The oft-cited Stradivari violins and cellos are not the only string instruments that the famous Stradivari family crafted. They made violas as well. In fact, there are currently 13 known Stradivarius violas still in existence to this day. These instruments are so rare that one even was on market in 2014 for $45 million. Unfortunately, that viola, named MacDonald, didn’t receive any bids. As Bloomberg keenly points out, MacDonald was the butt of just another viola joke:


Q: What do you call the world’s most valuable musical instrument if nobody wants it? A: A viola

In a failure-to-sell that promises to revive the catty, music-nerd viola joke genre, auctioneers Sotheby’s and Ingles & Hayday said that at the close of sealed bidding for the 1719 “Macdonald” viola, nobody had offered the minimum $45 million price. It would have been a world record for an instrument.

Courtesy of Bloomberg


Listen to the MacDonald Viola

Wikipedia includes a comprehensive list of the 13 existing Stradivari violas:

Sobriquet Year Provenance Notes
Mahler 1672 Habisreutinger Foundation The first of the Stradivarius violas; currently on loan to French violist Antoine Tamestit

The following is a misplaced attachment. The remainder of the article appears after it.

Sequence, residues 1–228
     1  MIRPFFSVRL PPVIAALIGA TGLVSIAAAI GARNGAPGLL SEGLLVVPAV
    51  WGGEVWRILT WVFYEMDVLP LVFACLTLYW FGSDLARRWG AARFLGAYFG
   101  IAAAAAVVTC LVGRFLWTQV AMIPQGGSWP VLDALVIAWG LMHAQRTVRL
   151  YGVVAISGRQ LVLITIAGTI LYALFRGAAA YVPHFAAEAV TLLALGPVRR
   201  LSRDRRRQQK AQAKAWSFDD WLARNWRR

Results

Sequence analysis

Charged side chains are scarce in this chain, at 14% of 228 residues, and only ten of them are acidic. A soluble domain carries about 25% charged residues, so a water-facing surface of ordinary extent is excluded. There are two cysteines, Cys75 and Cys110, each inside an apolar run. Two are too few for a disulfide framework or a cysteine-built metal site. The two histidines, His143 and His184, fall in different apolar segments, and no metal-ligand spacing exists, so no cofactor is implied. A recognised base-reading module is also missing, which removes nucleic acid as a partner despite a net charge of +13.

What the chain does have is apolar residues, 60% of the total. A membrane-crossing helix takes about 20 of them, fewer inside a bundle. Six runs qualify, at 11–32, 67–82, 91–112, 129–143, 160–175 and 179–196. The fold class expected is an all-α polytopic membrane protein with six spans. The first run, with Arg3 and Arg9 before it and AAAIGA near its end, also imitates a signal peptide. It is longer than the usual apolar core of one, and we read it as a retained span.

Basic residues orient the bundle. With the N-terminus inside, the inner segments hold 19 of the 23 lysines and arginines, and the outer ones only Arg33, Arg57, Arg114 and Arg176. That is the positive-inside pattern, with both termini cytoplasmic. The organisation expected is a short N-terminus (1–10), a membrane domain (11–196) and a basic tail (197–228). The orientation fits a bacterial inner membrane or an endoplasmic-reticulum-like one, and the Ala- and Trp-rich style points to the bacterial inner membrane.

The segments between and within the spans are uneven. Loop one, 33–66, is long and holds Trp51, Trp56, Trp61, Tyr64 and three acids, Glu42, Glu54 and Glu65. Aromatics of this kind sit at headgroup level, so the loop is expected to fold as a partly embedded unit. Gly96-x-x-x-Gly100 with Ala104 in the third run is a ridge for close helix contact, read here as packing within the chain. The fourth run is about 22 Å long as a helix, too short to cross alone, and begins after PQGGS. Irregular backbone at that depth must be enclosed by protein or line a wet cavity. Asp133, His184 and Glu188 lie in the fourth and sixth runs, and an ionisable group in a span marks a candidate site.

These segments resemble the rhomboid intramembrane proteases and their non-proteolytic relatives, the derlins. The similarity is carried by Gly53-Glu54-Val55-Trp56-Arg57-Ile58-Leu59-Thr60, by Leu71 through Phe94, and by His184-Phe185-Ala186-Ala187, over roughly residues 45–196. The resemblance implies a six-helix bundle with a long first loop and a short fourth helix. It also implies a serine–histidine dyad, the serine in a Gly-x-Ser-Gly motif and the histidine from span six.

Tuscan-Medici Tenor 1690 Cosimo III de’ Medici
Conservatorio Luigi Cherubini (Florence)
Tuscan-Medici 1690 Cosimo III de’ Medici
Cameron Baird
Commissioned by Cosimo III de’ Medici, Grand Duke of Tuscany; currently on loan to the U.S. Library of Congress
Axelrod 1696 Donated to the Smithsonian Institution in 1997 by Herbert R. Axelrod. Now part of the Axelrod quartet.
Archinto 1696 Royal Academy of Music[129]
Spanish Court 1696 Patrimonio Nacional, Palacio Real, Madrid, Spain[17] Collectively known as del Cuarteto Real (The Royal Quartet) when included with the violin duo los Decorados (Spanish I and II, 1687-1689) and the Spanish Court cello of 1694.
MacDonald 1701 Peter Schidlof To be sold at auction through London musical instruments auction house Ingles & Hayday[130] in conjunction with Sotheby’s in Spring 2014 via silent auction. Winning bid was to be announced on June 25, 2014, but the instrument failed to attract a buyer matching the minimum bid of $45 million.[131]
Kux; Castelbarco 1714 Fridart Foundation Converted from viol to viola by Jean Baptiste Vuillaume[132]
The Russian 1715 Russian State Collection
Cassavetti 1727 U.S. Library of Congress Presented by Gertrude Clarke Whittall[38]
Paganini-Mendelssohn 1731 Nippon Music Foundation[9] This viola, and the Paganini-Desaint violin of 1680, the Paganini-Conte Cozio di Salabue violin of 1727 and the Paganini-Ladenburgcello of 1736, comprise the Paganini Quartet.
On loan to Kazuhide Isomura of the Tokyo String Quartet. Formerly part of the von Mendelssohn family quartet of Stradivari’s in Berlin.
Gibson 1734 Habisreutinger Foundation Currently on loan to Swiss-Polish violist Lech Antonio Uszynski